I love the Academy Awards and last year I realized how few of the “Best Picture” winners I’d actually seen. So I made it a goal to see all 83 winners and blog my thoughts about them along the way.

Why did it win? Should another movie have won instead? Has it become a beloved classic or do many of you not even recognize the title? I invite you, my friends and guests, to comment along with me. Do you agree/disagree? I should be fair and place a SPOLIER ALERT on this blog since I’ll be writing about various parts of the movie. So read at your own risk…

I have often told people that I have movie amnesia… I can see a movie and forget all about it years later. So for that reason, I am re-watching the 27 I’ve seen before. That said, if no one visits or reads my blog and I basically perform the online equivalent of talking to a brick wall, that’s fine; if for nothing else, it’ll be my own reminder. Enjoy!

And the Oscar goes to…

Sunday, July 26, 2015

Birdman or (The Unexpected Virtue of Ignorance), 2014

Rated R

The title. I mean, seriously… Are you asking me to pick which title I like best? Because, neither. The title(s), and the movie, for that matter, are pretty ridiculous. I was floored when this movie won the Academy’s most coveted award. I hadn’t even seen it yet, but based on all the movies’ previews alone, I knew it shouldn’t have even been in the running.

I’m being harsh. It was mildly entertaining, but certainly not up to the caliber I’ve come to expect from my Best Picture winners. The film follows Riggan Thomson (played by comeback kid Michael Keaton), a washed up actor known as the superhero “Birdman”, who is trying to hack it on Broadway by finally directing, funding, and starring in his first play. But… the thing is, his alter-ego “Birdman” talks to him in his head, berating him for being a nobody, and insisting he be great again. But it’s not just that internal battle with his ego… Riggan has powers.  He can move things across the room with his mind. He can levitate. (But apparently, no one can see this.) Here are my problems: There is no explanation of the supernatural; for a film that has everything else based in the nitty-gritty of reality, I don’t get how he can turn into Birdman for a couple of minutes and no one sees anything. Also, what was Birdman’s super power?? He looks like a completely narcissistic, oddly-costumed bird that does nothing for society. Why was he even popular?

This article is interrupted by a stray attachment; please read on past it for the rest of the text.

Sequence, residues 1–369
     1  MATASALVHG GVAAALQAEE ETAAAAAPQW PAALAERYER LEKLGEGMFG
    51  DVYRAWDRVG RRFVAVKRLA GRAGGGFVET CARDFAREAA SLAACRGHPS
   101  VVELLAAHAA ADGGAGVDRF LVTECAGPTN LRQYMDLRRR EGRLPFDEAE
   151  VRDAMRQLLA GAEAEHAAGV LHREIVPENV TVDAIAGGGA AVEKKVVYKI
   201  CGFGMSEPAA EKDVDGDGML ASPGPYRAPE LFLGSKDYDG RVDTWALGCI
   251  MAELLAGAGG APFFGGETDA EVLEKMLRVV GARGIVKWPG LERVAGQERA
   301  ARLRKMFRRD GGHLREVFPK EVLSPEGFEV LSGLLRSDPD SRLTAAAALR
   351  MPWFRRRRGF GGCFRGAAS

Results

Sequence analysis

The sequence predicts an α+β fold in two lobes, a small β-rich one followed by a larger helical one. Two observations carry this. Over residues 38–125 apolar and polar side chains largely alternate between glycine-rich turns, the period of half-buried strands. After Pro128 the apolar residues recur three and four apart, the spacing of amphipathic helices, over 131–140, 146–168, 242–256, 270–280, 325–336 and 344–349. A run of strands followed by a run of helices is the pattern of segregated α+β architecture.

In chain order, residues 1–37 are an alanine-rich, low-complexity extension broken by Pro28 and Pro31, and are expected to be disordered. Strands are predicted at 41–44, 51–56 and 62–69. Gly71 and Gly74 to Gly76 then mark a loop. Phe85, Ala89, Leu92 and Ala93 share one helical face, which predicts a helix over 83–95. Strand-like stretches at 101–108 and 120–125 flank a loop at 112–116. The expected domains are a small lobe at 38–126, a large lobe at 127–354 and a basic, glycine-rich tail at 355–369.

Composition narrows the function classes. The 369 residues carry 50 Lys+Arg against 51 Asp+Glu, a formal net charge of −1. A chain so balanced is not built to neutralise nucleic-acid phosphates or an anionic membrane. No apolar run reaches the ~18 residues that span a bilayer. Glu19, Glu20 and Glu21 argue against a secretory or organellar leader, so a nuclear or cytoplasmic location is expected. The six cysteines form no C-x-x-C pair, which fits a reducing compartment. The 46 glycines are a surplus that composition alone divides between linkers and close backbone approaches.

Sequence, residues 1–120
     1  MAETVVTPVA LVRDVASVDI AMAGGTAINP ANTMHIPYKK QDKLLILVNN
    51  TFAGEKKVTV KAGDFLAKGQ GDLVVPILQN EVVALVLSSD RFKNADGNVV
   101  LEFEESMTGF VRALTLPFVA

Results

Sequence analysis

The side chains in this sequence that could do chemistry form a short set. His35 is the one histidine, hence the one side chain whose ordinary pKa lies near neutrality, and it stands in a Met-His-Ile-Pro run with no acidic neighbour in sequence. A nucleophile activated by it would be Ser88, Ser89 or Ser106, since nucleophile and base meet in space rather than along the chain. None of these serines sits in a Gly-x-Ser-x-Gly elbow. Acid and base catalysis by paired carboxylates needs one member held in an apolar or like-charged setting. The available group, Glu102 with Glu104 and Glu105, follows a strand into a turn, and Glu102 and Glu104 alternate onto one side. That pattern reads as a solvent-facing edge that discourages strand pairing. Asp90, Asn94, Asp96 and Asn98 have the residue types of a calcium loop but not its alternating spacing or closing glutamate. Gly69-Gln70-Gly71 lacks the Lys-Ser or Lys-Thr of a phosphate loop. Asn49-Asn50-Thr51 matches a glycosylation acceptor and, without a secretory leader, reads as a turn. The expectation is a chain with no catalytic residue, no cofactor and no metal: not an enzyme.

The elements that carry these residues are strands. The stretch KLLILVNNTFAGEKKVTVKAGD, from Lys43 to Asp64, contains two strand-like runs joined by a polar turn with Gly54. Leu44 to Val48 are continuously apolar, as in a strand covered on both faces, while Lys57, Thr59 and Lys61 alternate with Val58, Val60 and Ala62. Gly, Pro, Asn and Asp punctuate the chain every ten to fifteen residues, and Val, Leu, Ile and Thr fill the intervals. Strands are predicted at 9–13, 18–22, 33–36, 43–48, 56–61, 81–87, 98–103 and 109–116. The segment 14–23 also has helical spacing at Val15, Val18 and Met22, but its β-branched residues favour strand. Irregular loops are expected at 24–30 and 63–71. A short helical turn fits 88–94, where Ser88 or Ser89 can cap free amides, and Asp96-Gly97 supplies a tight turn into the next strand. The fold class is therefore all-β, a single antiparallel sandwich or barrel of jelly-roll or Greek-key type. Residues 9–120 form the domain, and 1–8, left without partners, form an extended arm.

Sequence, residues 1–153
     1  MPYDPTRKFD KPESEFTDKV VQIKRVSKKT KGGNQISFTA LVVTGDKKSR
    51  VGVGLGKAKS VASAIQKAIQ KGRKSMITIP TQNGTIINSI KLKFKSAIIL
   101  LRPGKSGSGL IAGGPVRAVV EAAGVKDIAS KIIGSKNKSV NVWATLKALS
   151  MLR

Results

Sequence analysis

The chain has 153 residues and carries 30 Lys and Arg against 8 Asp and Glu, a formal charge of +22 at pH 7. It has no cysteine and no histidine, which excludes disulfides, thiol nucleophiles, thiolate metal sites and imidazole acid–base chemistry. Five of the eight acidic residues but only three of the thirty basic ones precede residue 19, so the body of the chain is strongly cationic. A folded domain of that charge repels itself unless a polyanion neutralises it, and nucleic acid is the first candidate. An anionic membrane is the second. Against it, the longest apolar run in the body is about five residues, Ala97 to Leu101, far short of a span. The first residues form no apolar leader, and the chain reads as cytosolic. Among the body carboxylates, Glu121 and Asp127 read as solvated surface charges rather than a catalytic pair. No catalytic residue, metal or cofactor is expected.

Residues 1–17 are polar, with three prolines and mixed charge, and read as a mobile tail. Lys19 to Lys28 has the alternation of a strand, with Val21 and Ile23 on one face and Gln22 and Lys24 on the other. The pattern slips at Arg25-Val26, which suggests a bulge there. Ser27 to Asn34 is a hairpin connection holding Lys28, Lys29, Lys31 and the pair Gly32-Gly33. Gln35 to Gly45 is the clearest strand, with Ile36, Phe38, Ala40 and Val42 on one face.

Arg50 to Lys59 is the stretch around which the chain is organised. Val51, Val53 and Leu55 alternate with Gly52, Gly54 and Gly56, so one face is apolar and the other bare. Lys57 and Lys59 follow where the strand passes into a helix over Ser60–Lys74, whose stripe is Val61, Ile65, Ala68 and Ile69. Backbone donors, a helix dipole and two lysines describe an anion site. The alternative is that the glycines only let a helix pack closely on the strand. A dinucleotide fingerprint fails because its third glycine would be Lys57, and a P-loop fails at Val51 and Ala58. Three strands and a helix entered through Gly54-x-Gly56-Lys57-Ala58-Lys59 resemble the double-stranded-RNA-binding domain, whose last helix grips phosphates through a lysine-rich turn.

I was more intrigued by the play that Riggan wrote and was starring in and his quest for the right actor (entertainingly played by Edward Norton). Emma Stone, who plays his daughter, on the other hand, drove me bonkers. So. Much. Overacting. (Oscar nomination? Really?)

Throughout the movie, Riggan is internally fighting for his self-worth, a better relationship with his grown-up daughter, and some sort of closure (?) with his ex-wife. He basically wants what everyone wants: to feel validated and be heard. He wants to leave his mark on the world and he’s feeling rushed to do so.

The music in the film kept throwing me off. It was endless jazz drum solos, varying in intensity and volume. I didn’t like the end of the film either, but I guess it matched the rest of the movie: just silly and a bit ridiculous. Overall, I was not a fan of this film, nor would I recommend it, but I do however, know that I do not speak for everyone, as many people online tout this film as being a psychological and philosophical masterpiece. To each his own.

This film was up against “American Sniper”, “Boyhood”, “The Grand Budapest Hotel”, “The Imitation Game”, “Selma”, “The Theory of Everything”, and “Whiplash”….. ALL which I thought would’ve won over “Birdman”. (I would’ve liked to see Angelina Jolie’s film “Unbroken” in that list as well.) It had a whopping nine nominations with four wins including: Best Director, Best Cinematography, and Best Original Screenplay. I’m sure it was awarded Best Cinematography because it was entirely filmed with a hand-held camera. While this style of film can be interesting and effective, sometimes it can be plain irritating. In this film, I often got unattractive shots far too close to an actor’s face during dialogue, and got a little nauseous following Riggan backstage through endless corridors and around countless corners to get to his dressing room. I did notice and was intrigued that because of this style, the film was made to look like one long, never-ending scene. From beginning to end, we were one with Riggan.

I’m a fan of Norton as an actor, so I enjoyed this scene where he plays a highly-sought-after, albeit often intoxicated, actor who agrees to perform in Riggan’s debut play. He ends up coaching his director in the parts and it’s comical.